The Holy Family is the model for all families. The household of Jesus, Mary, and Joseph was filled with peace, serenity, and love. For 2,000 years, the Holy Family has been the shining example all families strive to emulate.
But consider this: of the three people in the Holy Family, only Joseph was a sinner. That’s right. Jesus was sinless, of course, and the Church has always taught that Mary was uniquely blessed by God to be conceived without sin (the “Immaculate Conception”). Which means, when you boil it down, in that peaceful and loving household, only Joseph fit the biblical truth that “All have sinned and fall short of the glory of God” (Romans 3:23).
Wow! Talk about pressure! Anytime anything went wrong in that house, two sets of sinless eyes immediately turned and looked at the only family member who was not morally perfect. Poor ol’ Joseph must have struggled to maintain his self-esteem.
Early in their marriage, I wonder if Joseph, like all husbands throughout history, often blurted out the phrase, “I didn’t do it.” For men, that phrase is an instinctive defense mechanism, as involuntary as flinching when someone suddenly tosses something toward your face. When we husbands say, “I didn’t do it,” we are not actually declaring, “I. Did. Not. Do. It.” We are merely stalling for time so we can assess the situation and find out if we’re really in trouble or not.
After a few years, I wonder if Joseph realized the futility of offering that phrase time after time, and just resigned himself to saying with a sigh, “Yeah, I did it. I’m sorry.”
Well, maybe that wasn’t exactly how it happened. Maybe I’m just imagining what it would’ve been like if I was Saint Joseph. However, since the Bible clearly tells us that Joseph was a righteous man, let’s just say all of Christendom is a lot better off that God did not pick someone to be the husband of Mary and step-father of Jesus who spends way too much time hiding in a basement “man cave” watching baseball.
Since Joseph was indeed a righteous man, the occasions when he did do something morally suspect were few and far between. (And by “morally suspect,” I don’t mean the kind of sins that are rampant in our culture today. I’m thinking of things like gossip, discouragement, and mildly profane utterances whenever he hit himself on the thumb with a hammer. You know, what we now call venial sins.)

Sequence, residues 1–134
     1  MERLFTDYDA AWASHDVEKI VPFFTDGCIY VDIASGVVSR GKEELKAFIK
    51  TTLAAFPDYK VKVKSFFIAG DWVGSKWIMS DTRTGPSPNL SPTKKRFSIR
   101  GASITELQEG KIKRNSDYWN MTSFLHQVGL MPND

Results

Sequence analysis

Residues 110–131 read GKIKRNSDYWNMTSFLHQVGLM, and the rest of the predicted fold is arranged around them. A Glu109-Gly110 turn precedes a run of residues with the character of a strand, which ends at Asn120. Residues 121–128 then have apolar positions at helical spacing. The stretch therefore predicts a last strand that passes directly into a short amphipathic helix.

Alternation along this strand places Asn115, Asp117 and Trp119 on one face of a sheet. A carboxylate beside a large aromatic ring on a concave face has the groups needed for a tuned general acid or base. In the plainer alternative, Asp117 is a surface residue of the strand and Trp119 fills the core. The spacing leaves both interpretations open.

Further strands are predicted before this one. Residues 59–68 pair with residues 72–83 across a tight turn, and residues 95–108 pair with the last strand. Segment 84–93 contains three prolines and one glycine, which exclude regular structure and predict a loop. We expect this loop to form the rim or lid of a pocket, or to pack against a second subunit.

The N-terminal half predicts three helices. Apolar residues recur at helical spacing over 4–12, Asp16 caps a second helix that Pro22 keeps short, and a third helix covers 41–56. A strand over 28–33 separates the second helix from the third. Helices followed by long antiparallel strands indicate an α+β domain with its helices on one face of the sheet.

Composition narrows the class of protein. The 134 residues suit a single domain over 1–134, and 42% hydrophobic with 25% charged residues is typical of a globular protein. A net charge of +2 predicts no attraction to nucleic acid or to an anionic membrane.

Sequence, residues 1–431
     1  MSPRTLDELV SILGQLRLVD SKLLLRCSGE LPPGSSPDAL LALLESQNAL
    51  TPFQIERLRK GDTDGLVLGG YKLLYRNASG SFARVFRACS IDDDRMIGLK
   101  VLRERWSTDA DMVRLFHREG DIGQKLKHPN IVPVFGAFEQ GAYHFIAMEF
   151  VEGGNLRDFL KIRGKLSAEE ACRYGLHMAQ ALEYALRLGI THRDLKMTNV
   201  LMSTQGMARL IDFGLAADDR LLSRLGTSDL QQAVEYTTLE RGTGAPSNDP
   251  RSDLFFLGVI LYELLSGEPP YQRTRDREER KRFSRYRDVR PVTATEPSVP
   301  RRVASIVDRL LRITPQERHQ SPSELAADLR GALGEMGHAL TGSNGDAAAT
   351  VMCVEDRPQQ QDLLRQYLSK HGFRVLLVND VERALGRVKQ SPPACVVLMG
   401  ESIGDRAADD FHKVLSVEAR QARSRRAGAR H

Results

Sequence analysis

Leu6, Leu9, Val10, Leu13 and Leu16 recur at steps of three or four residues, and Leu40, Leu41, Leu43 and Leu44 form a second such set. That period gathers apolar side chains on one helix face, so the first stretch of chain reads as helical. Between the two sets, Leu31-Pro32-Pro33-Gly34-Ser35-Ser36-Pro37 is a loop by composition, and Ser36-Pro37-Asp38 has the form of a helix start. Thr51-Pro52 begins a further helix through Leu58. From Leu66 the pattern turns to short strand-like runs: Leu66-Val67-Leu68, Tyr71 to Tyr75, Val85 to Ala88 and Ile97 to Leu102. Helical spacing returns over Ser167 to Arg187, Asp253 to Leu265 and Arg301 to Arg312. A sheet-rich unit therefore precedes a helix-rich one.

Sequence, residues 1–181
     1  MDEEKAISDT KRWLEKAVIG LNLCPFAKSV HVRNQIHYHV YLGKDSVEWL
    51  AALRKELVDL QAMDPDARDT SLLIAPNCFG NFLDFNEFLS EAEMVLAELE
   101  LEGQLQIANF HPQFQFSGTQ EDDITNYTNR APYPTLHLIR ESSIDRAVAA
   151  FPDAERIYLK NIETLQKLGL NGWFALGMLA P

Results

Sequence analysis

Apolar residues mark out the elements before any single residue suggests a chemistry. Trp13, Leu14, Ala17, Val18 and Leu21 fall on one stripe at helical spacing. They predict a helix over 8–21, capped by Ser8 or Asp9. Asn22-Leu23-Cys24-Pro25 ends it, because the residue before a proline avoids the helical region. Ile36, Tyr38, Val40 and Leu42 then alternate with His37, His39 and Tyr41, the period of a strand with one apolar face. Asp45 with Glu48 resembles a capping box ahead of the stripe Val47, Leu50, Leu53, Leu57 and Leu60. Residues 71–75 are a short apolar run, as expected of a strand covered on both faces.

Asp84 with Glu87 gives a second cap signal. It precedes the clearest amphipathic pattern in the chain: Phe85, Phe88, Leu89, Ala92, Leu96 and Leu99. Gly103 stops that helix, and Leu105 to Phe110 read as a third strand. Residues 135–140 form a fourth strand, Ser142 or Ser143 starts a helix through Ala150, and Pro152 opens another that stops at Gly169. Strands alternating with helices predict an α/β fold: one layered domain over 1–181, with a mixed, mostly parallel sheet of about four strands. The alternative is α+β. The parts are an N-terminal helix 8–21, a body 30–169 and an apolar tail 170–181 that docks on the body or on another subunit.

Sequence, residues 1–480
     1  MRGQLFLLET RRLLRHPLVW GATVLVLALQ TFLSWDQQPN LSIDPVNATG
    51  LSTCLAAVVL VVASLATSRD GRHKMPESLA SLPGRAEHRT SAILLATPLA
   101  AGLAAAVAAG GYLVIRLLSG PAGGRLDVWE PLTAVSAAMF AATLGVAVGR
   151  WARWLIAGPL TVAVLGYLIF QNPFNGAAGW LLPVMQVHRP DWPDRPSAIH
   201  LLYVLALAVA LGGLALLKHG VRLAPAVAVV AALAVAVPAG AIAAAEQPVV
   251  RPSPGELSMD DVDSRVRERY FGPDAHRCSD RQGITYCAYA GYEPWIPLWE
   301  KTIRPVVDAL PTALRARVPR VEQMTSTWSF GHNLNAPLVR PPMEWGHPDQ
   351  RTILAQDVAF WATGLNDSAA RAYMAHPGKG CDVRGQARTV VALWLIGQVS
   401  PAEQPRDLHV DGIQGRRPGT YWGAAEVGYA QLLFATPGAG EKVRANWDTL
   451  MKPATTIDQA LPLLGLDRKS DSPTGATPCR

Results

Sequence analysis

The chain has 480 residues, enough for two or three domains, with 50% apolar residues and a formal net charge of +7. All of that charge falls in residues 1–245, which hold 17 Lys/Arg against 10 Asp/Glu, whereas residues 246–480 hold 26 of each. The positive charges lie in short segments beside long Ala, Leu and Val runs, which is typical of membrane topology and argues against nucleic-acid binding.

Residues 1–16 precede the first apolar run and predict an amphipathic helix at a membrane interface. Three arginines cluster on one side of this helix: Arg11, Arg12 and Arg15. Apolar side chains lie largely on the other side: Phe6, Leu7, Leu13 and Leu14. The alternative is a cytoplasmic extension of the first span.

On the other hand, since Joseph was righteous, whenever he did do something wrong, he most likely admitted it right away and asked for forgiveness. And who better to ask forgiveness from than the two most merciful people in the history of the world? Can you imagine what it must’ve been like to have the Blessed Virgin Mary and/or Jesus say to you, “That’s OK. I forgive you. C’mere, big guy, gimme a hug!”? That must have been awesome. If I were Joseph, I’d be tempted to do things wrong on purpose, just to experience that unconditional forgiveness. (Yet another reason why God was so wise in not picking me for that job.)
Actually, even though we are not a part of the Holy Family, we can experience the same kind of unconditional forgiveness and love Joseph experienced. All we need to do is go to Confession. (Also known as the Sacrament of Reconciliation.) After all, we’re not asking the priest to forgive us. He merely sits in place of Jesus, the One who pours out His unconditional and total mercy on us.
The best way we can emulate the Holy Family is to do what Jesus, Mary, and Joseph did: share the love and mercy of God with each other. We won’t ever become sinless on this side of eternity, but we will be filled with peace and serenity and joy.